For the next starter on anatomy Adam Wright knew his left atrium from his right ventricle and vice versa, and this brought up bonuses on the Old Testament. A full house was taken, I think for the first time in the match. Claire Jackson won the buzzer race for the next starter about an 1857 novel in which a doctor’s wife has a disastrous affair, sadly, though she provided an incorrect answer. It fell to Emma Johnson to correctly answer Madame Bovary. A couple of bonuses on diseases brought them to triple figures. Undaunted by the previous question, Claire Jackson buzzed in successfully to give the answer limestone to a WH Auden definition of a type of rock. They managed to answer two bonuses on short stories. Unsurprisingly neither team recognised Engelbert Humperdick – no jokes please – for the music starter. Michael Tomsett and I both knew that Dresden in the capital of Saxony, and this earned the music bonuses. Three examples of women posing as men in opera brought another 5 much needed points. Emma Johnson knew that Housekeeping was the first novel of Marilynne Robinson. I had to bite my tongue to stop myself from saying ‘Mrs. Beeton’. European royalty brought nothing more to their score. Synchrotron radiation meant nowt to me, but it was meat and drink to Adam Wright. The bonuses which followed, on Geometry, were good for another ten points, and by this time there was a real sense that Corpus Christi were stretching the elastic which bound them to Bristol to breaking point. Now, there’s 2 countries on the island of New Guinea – obviously Papua New Guinea, but also the Indonesian province of Irian Jaya. So if you’re asked – which country on the island of New Guinea you go for Indonesia, and 90 times out of 100 you’ll be right. Adam Wright was. The cashew family brought, almost inevitably, 2 correct answers and this meant that Corpus Christi led by 150 – 60. Not quite an unassailable lead, but Bristol would need to rediscover their form to make any impression now.
Tom Fleet was the first to recognise a photograph of Alfred, Lord Tennyson. More 9th century portrait photographs weren’t all easy, and like me they only managed to find a trollop. Sorry, I’ll read that again. They only managed to find A. Trollope. Corpus Christi were carrying all before them at this stage, and Tom Fleet took his second consecutive starter, being very quickly in with Studio Ghibli. Nope, me neither. A nice UC special set followed, with two works with (vaguely) similar titles and their authors being asked for – eg Roxana and Romola. They failed on the bonuses – which gave me a rare full house in this contest – but provided amusement when they mulled over just giving ‘Bronte’ for the author of Shirley, at which the skipper scoffed – well he’s not going to accept just Bronte, is he? – No, I dare say he wouldn’t have. Nothing daunted, Emma Johnson took the next literary starter, recognising the last words of the play “King Lear”. Poor old Bristol at this stage seemed to have just been completely battered into submission. Provinces of Argentina only provided a single bonus, but it was all academic by now, despite there still being 3 and a half minutes to go. Emma Johnson took a second consecutive starter, knowing Natasha Romanoff and Clint Barton are alter egos of Avengers – Black Widow and Hawkeye respectively. With two out of three bonuses on international law, Corpus Christi passed through the 200 barrier, while Bristol were becalmed some distance the wrong side of the 100 barrier. Now look, you know I don’t have a clue about what a vacuole is, but Adam Wright did and that’s good enough for me. Two bonuses on definitions of a metre followed. A UC special defined the words – us – and - her – and then dared the teams to put them together to make a word. Adam Wright gave us usher. Men born in 1916 brought Corpus Christi – wait for it – 10 points. Claire Jackson stopped the rot, knowing all about recessive genes. You sensed this would be too little too late to give Bristol the chance of reaching triple figures and indeed, that was it as the gong sounded at that point.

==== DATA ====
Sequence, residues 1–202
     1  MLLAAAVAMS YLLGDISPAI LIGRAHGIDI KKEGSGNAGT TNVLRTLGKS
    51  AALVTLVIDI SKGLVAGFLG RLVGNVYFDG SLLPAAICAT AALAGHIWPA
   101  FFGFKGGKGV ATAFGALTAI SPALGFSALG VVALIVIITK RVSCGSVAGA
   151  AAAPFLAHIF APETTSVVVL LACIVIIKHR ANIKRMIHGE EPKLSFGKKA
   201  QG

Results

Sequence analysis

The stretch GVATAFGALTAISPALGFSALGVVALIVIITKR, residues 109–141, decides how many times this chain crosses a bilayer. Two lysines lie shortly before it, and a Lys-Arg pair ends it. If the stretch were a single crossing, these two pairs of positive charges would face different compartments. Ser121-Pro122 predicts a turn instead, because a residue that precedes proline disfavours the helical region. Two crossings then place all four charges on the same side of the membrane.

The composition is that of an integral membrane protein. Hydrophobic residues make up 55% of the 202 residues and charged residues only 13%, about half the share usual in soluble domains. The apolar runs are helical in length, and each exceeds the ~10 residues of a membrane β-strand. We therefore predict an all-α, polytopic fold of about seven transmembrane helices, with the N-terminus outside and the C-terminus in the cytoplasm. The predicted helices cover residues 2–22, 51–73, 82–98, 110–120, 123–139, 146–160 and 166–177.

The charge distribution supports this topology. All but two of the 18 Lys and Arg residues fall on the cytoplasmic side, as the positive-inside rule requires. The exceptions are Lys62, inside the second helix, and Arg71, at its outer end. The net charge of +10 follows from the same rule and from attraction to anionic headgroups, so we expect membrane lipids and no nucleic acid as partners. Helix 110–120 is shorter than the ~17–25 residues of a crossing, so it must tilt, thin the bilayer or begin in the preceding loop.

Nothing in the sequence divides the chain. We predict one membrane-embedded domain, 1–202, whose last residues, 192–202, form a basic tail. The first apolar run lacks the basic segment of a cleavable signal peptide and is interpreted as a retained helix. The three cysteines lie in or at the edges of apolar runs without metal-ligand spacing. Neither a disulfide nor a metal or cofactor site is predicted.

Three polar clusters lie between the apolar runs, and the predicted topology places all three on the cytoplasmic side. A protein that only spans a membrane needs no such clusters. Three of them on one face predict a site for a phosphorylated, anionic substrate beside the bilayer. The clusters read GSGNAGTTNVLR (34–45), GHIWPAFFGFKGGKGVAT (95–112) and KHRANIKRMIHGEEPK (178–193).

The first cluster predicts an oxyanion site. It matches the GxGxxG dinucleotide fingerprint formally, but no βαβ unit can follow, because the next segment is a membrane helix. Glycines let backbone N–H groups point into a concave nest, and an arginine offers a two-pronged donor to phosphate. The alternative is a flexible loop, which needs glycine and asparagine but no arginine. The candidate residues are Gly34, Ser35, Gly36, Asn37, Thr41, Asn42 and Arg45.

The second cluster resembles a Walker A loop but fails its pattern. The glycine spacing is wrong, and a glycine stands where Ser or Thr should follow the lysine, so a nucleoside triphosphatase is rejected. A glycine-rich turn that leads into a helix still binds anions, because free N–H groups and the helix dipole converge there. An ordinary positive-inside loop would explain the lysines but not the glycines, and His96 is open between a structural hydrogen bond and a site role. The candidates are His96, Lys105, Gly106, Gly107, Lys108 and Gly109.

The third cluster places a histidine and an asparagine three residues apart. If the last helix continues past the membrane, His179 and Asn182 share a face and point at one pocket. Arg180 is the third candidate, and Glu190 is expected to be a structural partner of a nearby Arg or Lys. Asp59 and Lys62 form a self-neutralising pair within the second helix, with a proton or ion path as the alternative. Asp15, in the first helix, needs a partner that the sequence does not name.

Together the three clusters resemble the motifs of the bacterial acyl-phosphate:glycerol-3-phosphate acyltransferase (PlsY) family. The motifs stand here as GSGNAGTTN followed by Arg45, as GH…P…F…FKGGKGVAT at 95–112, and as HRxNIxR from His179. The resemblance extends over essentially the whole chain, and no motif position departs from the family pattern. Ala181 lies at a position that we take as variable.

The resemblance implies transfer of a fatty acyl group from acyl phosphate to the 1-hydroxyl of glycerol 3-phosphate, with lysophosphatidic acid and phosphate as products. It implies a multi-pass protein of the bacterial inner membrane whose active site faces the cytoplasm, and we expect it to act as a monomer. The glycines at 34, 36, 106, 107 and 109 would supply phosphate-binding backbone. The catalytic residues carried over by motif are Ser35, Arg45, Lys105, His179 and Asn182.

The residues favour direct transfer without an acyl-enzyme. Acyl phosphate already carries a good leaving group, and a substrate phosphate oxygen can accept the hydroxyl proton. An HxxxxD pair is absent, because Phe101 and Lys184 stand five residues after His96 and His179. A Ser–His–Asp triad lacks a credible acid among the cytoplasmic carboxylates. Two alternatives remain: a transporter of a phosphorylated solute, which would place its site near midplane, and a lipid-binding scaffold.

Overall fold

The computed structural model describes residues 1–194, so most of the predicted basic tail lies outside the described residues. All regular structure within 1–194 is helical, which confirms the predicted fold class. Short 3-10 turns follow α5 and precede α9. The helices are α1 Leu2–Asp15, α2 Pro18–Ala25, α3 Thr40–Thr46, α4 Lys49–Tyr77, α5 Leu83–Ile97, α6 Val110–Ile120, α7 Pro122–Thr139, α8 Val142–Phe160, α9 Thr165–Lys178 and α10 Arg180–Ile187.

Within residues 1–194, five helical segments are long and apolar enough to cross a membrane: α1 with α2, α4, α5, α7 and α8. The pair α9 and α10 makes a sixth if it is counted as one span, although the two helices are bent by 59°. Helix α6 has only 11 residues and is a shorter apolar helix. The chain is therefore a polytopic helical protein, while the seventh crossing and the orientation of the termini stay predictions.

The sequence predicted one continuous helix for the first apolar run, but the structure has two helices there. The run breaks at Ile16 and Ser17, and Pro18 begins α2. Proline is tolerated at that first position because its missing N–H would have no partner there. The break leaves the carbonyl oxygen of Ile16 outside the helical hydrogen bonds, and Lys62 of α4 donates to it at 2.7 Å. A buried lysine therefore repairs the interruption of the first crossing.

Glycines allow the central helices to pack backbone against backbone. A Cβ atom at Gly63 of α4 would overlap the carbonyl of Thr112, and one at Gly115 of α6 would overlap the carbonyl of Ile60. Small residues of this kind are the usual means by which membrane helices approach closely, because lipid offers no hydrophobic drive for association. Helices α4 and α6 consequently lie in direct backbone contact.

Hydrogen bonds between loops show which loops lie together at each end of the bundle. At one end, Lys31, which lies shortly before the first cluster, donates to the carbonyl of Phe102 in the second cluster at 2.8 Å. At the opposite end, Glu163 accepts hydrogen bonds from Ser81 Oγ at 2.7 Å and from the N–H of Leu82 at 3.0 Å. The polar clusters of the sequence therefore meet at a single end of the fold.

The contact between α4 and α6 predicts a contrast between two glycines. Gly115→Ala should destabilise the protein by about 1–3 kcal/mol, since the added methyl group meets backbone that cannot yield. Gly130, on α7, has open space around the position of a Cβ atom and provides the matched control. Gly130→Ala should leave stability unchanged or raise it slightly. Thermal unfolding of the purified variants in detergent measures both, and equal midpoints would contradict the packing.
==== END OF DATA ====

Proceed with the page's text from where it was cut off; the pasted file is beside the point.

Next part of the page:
Corpus Christi scored an emphatic victory by 250 – 70. They must now be taken very seriously indeed. As for Bristol, well, there’s still everything to play for. They were comprehensively outbuzzed in this contest, but whether is just a one off bad night at the office, or whether they flattered to deceive in earlier rounds remains to be seen.
Jeremy Paxman Watch
We had a promising start from the great man, when he smilingly told Nikhil Venkatesh that he looked astonished that the answer yoga could be so easy. I tried yoga once, and easy it was not. His genial manner continued when the team suggested Rosalind for one of the Shakespeare answers as the name of a city which featured in a world war I battle. He laughed, then gently chided “You been there?”
Interesting Fact That I Didn’t Already Know of the Week
An operatic role in which a female character poses as a male is known as a ‘breeches role’